ANCHORAGE — Two native villages on Alaska’s remote St. Lawrence Island are reporting their smallest harvests of walrus in memory.
People are hurting not just in the lack of walrus meat but also in the lack of walrus tusks, according to residents of Gambell and Savoonga.
With few employment opportunities, many in the two Yup’ik Eskimo communities rely on subsistence hunting for much of the food on local tables. Many also are carvers who rely on money from the sales of ivory artwork.
“Our bills are piling up,” said Gambell tribal president Eddie Ungott.
According to locals, the typical annual harvest of walrus, based on a 10-year average, is 675 animals for Gambell and 578 for Savoonga. This year, Gambell residents harvested 108 walrus with another 76 taken by Savoonga.
Savoonga Mayor Myron Kingeekuk said the problem this year is that the ice went out to quickly, so hunters had few opportunities to go out. Fog and winds also stymied some hunters. Many families didn’t get any walrus this year.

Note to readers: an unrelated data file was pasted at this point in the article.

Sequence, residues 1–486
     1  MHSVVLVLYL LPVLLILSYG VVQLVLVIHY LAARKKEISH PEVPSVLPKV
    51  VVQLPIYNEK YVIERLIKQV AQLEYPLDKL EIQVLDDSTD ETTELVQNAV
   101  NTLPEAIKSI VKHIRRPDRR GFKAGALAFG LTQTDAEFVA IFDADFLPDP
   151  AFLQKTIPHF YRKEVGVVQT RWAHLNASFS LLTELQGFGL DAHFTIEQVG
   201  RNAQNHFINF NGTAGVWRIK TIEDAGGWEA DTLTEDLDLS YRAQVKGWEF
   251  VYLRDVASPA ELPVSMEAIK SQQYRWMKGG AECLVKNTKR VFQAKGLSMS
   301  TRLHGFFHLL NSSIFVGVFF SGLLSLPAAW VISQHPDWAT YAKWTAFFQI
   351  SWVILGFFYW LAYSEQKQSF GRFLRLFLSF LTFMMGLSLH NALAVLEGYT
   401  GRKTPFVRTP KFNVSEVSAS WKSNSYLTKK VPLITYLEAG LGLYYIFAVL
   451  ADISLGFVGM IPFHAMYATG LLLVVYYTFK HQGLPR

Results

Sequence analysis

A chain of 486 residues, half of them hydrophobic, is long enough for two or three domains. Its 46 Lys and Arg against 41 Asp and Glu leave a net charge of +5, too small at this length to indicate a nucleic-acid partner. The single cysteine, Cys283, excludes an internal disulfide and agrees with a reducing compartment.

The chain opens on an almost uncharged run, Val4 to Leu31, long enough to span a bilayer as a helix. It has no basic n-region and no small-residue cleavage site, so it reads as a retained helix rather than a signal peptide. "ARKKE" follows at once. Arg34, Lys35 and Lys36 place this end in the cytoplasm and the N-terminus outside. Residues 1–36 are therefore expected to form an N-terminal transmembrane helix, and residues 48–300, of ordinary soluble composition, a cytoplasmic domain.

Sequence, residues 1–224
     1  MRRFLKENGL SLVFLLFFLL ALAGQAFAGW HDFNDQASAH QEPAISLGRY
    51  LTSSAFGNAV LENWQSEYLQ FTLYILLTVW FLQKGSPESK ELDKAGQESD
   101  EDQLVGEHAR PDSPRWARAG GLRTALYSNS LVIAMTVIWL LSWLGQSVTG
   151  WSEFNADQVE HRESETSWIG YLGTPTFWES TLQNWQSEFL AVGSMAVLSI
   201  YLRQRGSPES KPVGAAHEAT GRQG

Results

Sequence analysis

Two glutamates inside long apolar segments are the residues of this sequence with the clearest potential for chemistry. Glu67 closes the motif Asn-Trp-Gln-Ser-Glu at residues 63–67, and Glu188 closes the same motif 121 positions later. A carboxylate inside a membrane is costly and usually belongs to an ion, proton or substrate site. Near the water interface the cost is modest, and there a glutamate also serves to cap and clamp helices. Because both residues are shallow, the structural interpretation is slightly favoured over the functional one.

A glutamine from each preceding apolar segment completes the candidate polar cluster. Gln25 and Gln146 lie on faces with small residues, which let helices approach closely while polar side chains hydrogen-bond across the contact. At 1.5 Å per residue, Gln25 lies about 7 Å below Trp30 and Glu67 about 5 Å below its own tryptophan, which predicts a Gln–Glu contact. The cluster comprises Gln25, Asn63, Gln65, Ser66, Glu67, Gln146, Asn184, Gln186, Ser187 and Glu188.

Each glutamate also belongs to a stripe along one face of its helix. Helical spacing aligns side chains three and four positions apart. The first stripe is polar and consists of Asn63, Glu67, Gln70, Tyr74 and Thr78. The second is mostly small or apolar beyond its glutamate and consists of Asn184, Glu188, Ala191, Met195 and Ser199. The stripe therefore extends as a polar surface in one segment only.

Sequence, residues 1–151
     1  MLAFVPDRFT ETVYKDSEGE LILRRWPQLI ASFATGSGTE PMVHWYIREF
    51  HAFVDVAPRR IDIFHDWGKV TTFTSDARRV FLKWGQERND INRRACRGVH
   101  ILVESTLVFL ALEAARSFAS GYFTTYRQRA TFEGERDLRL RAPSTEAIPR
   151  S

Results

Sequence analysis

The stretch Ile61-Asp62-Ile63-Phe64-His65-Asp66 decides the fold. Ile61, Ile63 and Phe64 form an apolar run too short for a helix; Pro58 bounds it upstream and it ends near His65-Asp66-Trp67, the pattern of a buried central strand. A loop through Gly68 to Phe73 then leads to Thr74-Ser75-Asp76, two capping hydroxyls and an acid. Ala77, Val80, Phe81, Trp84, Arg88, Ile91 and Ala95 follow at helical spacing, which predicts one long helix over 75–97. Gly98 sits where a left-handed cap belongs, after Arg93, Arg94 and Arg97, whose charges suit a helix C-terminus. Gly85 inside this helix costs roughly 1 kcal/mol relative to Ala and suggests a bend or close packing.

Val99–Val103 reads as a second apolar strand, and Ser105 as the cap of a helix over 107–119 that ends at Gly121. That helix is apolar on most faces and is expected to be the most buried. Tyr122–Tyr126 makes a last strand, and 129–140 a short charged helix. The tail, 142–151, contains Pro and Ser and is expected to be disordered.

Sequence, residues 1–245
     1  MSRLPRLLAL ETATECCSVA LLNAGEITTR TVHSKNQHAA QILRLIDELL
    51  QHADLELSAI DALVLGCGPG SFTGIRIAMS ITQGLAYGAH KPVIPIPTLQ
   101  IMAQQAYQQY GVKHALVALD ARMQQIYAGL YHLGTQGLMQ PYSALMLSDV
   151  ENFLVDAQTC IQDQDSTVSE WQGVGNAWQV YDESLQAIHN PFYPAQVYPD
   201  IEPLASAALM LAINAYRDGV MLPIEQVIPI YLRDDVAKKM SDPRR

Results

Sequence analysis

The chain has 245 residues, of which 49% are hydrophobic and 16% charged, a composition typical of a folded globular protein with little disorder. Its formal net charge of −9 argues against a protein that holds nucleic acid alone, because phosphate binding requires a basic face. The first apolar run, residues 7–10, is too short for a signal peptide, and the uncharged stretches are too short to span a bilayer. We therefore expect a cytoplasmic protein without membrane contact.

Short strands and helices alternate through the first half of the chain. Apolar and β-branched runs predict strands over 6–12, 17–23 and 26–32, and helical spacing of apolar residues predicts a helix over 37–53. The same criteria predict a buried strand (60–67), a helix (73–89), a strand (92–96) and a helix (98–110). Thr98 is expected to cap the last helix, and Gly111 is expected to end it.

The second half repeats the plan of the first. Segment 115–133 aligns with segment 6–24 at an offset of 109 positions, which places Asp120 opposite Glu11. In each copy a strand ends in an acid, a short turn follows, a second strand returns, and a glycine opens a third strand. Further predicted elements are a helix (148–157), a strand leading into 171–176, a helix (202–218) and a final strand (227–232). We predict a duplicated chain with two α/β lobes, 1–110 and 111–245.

“The weather got us pretty bad,” Kingeekuk said.
Savoonga residents landed several bowhead whales and are hoping to make up some of the loss of walrus meat by catching more halibut and other fish, Kingeekuk said. It’s the loss of profits from ivory carvings that worries him.
“That’s the whole community’s income right there,” he said.
Ungott said the two villages are working together on issuing a disaster declaration.
Two Democratic state lawmakers are asking Gov. Sean Parnell to monitor the situation in Gambell and Savoonga, each with a population of about 700.
“This has been a historical low harvest of walrus this year — less than 20 percent of the 10-year average,” Sen. Donny Olson of Golovin and Rep. Neal Foster of Nome wrote, noting that walrus is a staple food for the two villages ivory is vital for the local economies. “Utility bills are paid with the proceeds of the ivory trade.”
St. Lawrence Island is located in the Bering Sea southeast of the Russia-U.S. border.